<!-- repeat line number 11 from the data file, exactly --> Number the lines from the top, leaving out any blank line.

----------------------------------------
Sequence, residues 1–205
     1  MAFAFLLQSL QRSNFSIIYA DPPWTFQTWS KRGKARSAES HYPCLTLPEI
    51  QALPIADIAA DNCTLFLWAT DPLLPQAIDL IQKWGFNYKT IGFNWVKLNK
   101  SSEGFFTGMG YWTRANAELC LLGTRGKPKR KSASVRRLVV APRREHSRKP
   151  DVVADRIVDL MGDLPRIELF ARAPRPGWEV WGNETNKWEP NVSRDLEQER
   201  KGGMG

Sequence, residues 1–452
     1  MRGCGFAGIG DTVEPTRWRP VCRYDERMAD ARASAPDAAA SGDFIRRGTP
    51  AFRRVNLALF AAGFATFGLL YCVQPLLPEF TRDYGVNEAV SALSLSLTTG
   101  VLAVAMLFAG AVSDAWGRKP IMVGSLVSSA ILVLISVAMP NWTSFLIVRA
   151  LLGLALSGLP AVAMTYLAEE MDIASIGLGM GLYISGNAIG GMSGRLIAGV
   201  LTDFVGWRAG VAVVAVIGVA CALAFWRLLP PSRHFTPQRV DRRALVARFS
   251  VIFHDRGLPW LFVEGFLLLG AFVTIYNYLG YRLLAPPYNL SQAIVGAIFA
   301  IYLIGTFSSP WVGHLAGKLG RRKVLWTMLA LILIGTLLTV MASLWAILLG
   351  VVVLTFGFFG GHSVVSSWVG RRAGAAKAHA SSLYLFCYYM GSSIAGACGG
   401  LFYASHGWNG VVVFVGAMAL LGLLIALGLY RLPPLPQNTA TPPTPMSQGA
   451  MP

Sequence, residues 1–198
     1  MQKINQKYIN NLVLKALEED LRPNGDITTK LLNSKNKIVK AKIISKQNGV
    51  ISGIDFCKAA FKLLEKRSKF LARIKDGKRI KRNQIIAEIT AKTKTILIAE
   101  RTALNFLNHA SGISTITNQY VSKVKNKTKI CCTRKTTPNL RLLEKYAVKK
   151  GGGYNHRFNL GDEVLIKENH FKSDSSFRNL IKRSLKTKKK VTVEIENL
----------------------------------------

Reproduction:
   151  LLGLALSGLP AVAMTYLAEE MDIASIGLGM GLYISGNAIG GMSGRLIAGV